David Nakhid Academy teaches much more than football – players learn to be responsible to each other. They learn what it means to be a team.
When we moved to Lebanon six years ago, finding a football academy for my 15-year-old son was at the top of my to-do list. Football had long been a big part of Adam’s life, so finding the right place for him to play would be critical to a smooth transition to life in Lebanon.
One of his classmates told him about the David Nakhid Academy, so we checked it out. We found the huge field behind Hoops, between the airport and Beirut, filled with clusters of children, grouped by age, running drills while coaches looked on. A couple of late-comers ran laps around the circumference of the field. Parents sat at small tables behind the sidelines, sharing coffee and stories. They clearly knew each other well.
DNA is more than a place to learn football; it is a community of youth and the supportive adults. For the children and teens practicing and playing there one to four times a week, it is a big extended family.
“Our motto is ‘Learning is Winning,’” said Nakhid, in a recent interview in his office beside the field. “It’s not just an expression; that’s what we are all about.” Not all of their players will go on to a career in football or to a university on an athletic scholarship, though some do, Nakhid added. But all of them learn skills and build character, and that is winning.
Players learn the importance of taking care of their health. The physical demands of football require them to build strength, endurance and agility. They learn to see the connection between sleeping and eating well, and practicing regularly on their performance.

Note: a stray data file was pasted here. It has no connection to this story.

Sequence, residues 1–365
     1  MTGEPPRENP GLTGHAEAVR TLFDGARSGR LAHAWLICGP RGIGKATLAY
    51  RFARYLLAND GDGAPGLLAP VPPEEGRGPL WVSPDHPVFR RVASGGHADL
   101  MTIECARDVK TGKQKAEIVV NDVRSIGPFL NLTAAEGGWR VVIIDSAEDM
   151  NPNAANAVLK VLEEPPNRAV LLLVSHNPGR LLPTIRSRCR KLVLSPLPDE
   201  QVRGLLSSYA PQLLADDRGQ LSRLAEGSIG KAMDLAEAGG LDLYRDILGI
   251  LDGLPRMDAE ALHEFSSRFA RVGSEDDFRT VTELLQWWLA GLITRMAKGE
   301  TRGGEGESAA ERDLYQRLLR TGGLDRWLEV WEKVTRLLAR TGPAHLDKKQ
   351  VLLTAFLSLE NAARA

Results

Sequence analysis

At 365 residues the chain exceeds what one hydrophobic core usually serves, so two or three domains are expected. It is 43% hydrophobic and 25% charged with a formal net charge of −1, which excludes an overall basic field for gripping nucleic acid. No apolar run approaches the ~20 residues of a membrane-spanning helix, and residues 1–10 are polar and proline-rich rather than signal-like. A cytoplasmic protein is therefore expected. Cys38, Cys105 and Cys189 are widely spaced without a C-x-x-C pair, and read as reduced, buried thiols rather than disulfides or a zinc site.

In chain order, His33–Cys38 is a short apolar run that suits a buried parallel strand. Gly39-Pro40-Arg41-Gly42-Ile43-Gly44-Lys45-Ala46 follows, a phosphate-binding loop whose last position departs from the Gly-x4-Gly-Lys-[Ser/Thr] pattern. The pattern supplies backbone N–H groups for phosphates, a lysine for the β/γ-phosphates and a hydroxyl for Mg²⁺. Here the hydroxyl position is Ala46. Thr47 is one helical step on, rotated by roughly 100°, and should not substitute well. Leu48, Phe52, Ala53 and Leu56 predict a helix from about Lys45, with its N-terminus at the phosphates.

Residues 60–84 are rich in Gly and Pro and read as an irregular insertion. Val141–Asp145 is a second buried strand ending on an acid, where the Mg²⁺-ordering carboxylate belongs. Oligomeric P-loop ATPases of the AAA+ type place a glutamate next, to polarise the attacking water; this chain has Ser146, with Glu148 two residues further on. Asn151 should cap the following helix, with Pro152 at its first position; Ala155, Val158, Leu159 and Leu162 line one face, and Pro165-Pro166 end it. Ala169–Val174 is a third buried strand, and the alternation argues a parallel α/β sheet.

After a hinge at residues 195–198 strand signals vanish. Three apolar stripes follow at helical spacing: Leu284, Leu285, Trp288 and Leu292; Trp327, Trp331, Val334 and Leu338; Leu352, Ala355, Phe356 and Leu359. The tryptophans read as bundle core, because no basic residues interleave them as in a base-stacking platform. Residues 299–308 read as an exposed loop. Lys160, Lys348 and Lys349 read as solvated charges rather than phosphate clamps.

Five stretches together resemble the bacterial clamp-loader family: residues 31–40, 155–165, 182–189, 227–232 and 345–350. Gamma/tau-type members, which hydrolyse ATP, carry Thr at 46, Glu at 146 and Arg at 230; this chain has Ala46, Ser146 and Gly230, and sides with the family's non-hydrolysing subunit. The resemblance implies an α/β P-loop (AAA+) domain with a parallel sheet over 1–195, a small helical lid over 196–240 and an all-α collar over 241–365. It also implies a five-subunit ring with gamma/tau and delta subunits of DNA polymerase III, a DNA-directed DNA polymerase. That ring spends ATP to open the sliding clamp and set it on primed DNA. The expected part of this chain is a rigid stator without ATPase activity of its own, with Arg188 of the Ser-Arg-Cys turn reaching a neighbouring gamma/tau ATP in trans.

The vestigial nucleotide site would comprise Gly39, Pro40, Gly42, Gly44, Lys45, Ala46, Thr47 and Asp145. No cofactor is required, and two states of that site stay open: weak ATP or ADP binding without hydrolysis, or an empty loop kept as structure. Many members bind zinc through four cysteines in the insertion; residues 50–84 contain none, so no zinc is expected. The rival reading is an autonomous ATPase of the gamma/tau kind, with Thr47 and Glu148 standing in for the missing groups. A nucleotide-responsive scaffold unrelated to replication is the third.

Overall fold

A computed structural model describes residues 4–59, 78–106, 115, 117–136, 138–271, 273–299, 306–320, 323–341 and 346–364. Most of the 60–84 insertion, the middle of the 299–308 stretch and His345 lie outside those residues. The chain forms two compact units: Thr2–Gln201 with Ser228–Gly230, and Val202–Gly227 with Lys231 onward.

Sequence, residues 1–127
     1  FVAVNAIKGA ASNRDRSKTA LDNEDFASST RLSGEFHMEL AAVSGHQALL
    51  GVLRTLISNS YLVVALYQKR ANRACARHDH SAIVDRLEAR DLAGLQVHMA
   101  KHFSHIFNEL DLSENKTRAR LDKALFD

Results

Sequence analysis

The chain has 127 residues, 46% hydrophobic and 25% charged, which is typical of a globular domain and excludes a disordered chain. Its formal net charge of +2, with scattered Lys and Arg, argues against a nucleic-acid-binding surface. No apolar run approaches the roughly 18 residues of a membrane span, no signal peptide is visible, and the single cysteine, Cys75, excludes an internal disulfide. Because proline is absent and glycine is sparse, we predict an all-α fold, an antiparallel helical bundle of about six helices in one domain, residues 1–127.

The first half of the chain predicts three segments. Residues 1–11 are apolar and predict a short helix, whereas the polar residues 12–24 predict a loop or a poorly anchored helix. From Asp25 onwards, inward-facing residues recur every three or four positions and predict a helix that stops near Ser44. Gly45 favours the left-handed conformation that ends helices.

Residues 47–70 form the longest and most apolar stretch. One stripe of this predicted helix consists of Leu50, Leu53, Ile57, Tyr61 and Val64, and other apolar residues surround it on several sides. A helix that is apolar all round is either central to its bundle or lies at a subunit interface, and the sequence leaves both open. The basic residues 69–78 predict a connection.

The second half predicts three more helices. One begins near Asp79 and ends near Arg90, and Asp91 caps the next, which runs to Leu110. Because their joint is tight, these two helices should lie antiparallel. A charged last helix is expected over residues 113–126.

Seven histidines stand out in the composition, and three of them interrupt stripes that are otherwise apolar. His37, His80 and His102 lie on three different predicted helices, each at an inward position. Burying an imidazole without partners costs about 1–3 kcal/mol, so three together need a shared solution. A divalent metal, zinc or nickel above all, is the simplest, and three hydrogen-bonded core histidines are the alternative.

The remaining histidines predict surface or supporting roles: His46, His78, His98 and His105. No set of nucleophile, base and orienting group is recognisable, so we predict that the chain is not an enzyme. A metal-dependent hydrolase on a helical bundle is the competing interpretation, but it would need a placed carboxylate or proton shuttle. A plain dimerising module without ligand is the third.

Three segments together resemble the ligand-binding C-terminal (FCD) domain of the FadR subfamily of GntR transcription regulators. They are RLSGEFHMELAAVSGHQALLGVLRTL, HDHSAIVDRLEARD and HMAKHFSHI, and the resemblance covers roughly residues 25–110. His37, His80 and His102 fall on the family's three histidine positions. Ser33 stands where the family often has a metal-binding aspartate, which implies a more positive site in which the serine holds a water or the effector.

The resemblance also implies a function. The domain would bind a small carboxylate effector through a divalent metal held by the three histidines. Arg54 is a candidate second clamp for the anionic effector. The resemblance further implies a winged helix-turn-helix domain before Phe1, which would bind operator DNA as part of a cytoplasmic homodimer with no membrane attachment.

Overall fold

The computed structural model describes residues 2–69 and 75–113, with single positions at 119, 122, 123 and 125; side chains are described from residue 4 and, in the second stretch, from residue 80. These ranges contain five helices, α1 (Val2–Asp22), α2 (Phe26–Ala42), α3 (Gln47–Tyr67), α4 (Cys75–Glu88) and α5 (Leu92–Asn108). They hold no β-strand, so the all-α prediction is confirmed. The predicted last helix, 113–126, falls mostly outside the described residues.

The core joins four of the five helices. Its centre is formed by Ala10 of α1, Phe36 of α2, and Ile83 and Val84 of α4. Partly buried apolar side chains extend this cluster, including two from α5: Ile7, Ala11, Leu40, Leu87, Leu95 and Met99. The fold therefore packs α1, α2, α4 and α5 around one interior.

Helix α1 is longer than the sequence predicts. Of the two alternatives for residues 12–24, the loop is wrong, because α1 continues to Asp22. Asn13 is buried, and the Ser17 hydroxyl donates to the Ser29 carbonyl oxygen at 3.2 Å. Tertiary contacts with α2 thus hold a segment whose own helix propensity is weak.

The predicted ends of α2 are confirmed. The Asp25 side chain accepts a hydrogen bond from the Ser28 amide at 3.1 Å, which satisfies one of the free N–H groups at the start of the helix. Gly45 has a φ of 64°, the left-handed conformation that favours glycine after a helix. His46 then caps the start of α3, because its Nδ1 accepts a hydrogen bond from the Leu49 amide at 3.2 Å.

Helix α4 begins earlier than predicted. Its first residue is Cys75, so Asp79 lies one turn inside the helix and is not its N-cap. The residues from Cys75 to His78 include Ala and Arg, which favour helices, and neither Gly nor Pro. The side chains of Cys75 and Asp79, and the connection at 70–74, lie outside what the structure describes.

Nakhid routinely asks his players about their grades. Discipline, such as being on time and staying focused on practice, is emphasized.
Players learn what it means to be a part of a team and the importance of caring for the wellbeing of others. They learn how to be good sports, whether they win or lose.
Academy manager Abdallah Harb summed up the DNA difference, saying, “We distinguish ourselves by providing quality and professional training by a certified coaching staff. We enrich our players’ experience with local and international competitions. We go beyond the football field by providing nutritional advice. We also help develop their character on and off the field.”
Nakhid, a Trinidad and Tobago native, was the first from his country to play in Europe. From 1988 to 1995, Nakad played professionally in Europe and the United States, including in six FIFA World Cup qualifying matches.
In 1995, he joined Al-Ansar Sporting Club of Lebanon, with whom he won three league championships and three cup titles. The reputation he built in Lebanon was one of the reasons he decided to stay here and open his academy.
Just as football was his ticket to see the world, he takes his players to international competitions in Europe. Coaches and parents have accompanied the team to Barcelona, London and other international venues. Nakhid hopes these trips help the players appreciate Lebanon.
“They have this impression that the life in Europe is so grand. Then they see that some families live in tiny apartments and life is hard for them,” said Nakhid. “They come to realize the good life they are living in Lebanon and to appreciate what they have.”
The impact DNA has on its players shows in the lasting relationships players develop with the club. My son Adam, now 21, is studying at a university in the U.S. Whenever he is back in Lebanon, he puts on his cleats and heads to DNA to check in with the family.
By Sandra Whitehead